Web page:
Although [drug] manufacturers bear the cost of research data generation, it is oftentimes a worthwhile investment that also confers significant commercial advantages. Consequently, they have argued that research data should be considered a trade secret and kept confidential. The FDA's longstanding position has been to accept this proposition. Even when Congress appeared to mandate disclosure or weaken the underlying rationale for secrecy, the FDA has continued to treat research data as confidential. A strong argument against a default posture of confidentiality is that research data disclosure would promote broad public interests by eliminating the societal costs brought about by keeping research data out of the reach of the public.[...] Congress weakened the legitimacy of the nondisclosure argument by enacting the Hatch-Waxman Act. Thus, after the Hatch-Waxman Act, the justification for continued secrecy based on the residual commercial value of research data is substantially weaker. The FDA may and should take into account the realignment of interests to revise its confidentiality policy to a default position of disclosure as a matter of public policy. If the FDA fails to act, Congress should explicitly require the agency to make research data publicly accessible, notwithstanding any residual value of the data or its status as confidential business information.[...] This Note proceeds in six parts. Part I begins by first analyzing the theoretical underpinnings of pro-disclosure and pro-secrecy arguments. The problems raised by a policy of research data confidentiality in drug regulation are complex and located within the larger doctrinal question posed by interjecting trade secrets into regulatory frameworks--a "big picture" topic on which a substantial body of scholarship already exists. Here, I do not elaborate on these larger topics, except to summarize existing literature and highlight its relevance to this Note. Part II explores the FDA's evaluation of pro-disclosure and pro-secrecy arguments, its basis for preferring a pro-secrecy stance in its rules implementing the Freedom of Information Act ("FOIA"), as well as its response to the Hatch-Waxman Act's research data disclosure provisions. Part III switches to a survey of the current state of research data confidentiality by discussing how courts have analyzed and evaluated disclosure requests under the FOIA. Part IV concludes the survey of the legal regime of disclosure by briefly exploring statutory and constitutional restraints in addition to the FOIA. Part V reveals the increasing costs of keeping research data confidential by highlighting the heretofore unachievable innovation efficiencies that would become possible under a regime of public access. It focuses on the public interest in ensuring a high standard of scientific quality and integrity in research data, and on the benefits of maximizing our understanding of a drug's mechanism of action and side effects. Finally, Part VI briefly sketches current efforts to achieve full research data disclosure by both private parties and legislatures and points out some means of obtaining that goal.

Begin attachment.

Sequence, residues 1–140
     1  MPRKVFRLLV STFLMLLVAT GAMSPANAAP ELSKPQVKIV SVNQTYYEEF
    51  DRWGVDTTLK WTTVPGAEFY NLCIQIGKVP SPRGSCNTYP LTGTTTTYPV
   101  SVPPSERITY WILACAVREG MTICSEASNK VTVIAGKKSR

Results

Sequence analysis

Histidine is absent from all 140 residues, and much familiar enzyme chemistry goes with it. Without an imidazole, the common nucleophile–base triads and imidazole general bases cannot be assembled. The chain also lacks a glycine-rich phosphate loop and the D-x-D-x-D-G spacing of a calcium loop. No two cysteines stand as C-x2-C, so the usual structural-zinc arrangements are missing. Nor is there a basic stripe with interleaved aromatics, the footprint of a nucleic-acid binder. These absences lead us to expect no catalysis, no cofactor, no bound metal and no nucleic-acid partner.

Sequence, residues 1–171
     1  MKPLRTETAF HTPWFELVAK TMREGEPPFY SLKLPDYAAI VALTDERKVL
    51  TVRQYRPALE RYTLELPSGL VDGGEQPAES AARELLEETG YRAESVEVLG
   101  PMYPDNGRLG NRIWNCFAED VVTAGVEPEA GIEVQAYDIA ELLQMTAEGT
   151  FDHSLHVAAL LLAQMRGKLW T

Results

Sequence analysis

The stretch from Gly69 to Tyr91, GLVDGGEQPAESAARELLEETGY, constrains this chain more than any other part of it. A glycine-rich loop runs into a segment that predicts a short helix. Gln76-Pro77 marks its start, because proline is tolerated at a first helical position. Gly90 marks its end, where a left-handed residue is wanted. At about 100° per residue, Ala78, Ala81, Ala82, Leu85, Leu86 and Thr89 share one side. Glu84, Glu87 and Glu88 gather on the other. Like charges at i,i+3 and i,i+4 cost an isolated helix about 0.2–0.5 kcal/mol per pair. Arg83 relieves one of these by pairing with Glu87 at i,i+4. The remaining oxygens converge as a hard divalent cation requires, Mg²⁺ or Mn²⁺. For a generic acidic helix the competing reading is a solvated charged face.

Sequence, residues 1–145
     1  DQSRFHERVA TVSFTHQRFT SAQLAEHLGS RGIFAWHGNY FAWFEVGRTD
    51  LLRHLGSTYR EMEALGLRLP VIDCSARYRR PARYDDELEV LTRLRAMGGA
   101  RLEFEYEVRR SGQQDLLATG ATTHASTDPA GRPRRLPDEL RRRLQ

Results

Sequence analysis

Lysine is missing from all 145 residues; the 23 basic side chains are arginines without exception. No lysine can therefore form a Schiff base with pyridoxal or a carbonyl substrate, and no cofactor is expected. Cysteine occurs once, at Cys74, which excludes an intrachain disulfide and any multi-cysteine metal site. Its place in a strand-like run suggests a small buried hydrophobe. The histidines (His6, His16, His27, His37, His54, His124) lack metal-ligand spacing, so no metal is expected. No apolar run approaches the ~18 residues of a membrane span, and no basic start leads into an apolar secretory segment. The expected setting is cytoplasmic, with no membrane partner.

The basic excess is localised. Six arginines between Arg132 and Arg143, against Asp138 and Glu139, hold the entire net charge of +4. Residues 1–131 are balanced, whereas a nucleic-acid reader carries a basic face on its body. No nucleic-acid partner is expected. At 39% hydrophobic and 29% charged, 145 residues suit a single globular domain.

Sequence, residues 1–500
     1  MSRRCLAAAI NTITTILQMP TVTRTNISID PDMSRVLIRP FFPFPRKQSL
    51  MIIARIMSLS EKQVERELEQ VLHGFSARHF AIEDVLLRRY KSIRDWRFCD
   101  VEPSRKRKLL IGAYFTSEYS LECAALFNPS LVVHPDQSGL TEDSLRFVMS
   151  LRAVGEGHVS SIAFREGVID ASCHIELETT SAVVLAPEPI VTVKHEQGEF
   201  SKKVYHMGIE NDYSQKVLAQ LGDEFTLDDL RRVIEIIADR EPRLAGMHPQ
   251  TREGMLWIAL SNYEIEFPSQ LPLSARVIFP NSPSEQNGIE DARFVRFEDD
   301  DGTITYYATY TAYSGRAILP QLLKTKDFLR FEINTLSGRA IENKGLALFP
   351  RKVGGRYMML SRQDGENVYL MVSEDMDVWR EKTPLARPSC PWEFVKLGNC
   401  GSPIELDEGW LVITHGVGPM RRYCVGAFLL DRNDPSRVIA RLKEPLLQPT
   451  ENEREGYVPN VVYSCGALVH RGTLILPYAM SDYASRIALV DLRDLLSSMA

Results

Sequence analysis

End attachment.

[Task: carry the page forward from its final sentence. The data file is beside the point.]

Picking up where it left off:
It is Time: Why the FDA Should Start Disclosing Drug Trial Data,
Mich. Telecomm. & Tech. L. Rev.
Available at: http://repository.law.umich.edu/mttlr/vol16/iss2/6